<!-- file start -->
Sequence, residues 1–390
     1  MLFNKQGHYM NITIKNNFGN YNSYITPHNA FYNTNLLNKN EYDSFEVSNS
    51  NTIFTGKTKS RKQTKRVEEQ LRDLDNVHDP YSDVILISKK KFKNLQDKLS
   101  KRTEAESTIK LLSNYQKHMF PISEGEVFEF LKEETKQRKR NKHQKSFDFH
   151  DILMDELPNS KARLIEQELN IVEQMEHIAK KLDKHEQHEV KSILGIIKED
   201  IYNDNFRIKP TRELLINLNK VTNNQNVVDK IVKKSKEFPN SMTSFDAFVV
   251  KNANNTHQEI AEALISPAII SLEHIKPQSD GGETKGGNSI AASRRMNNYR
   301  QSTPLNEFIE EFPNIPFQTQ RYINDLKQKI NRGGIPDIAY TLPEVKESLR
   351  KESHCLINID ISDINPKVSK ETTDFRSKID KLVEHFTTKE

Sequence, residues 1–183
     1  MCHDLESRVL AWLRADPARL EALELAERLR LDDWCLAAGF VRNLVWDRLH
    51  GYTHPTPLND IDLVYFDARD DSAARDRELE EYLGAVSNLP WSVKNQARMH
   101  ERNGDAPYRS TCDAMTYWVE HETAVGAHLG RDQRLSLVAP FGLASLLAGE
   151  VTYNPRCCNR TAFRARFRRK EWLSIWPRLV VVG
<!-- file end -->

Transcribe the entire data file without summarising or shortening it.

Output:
Sequence, residues 1–390
     1  MLFNKQGHYM NITIKNNFGN YNSYITPHNA FYNTNLLNKN EYDSFEVSNS
    51  NTIFTGKTKS RKQTKRVEEQ LRDLDNVHDP YSDVILISKK KFKNLQDKLS
   101  KRTEAESTIK LLSNYQKHMF PISEGEVFEF LKEETKQRKR NKHQKSFDFH
   151  DILMDELPNS KARLIEQELN IVEQMEHIAK KLDKHEQHEV KSILGIIKED
   201  IYNDNFRIKP TRELLINLNK VTNNQNVVDK IVKKSKEFPN SMTSFDAFVV
   251  KNANNTHQEI AEALISPAII SLEHIKPQSD GGETKGGNSI AASRRMNNYR
   301  QSTPLNEFIE EFPNIPFQTQ RYINDLKQKI NRGGIPDIAY TLPEVKESLR
   351  KESHCLINID ISDINPKVSK ETTDFRSKID KLVEHFTTKE

Sequence, residues 1–183
     1  MCHDLESRVL AWLRADPARL EALELAERLR LDDWCLAAGF VRNLVWDRLH
    51  GYTHPTPLND IDLVYFDARD DSAARDRELE EYLGAVSNLP WSVKNQARMH
   101  ERNGDAPYRS TCDAMTYWVE HETAVGAHLG RDQRLSLVAP FGLASLLAGE
   151  VTYNPRCCNR TAFRARFRRK EWLSIWPRLV VVG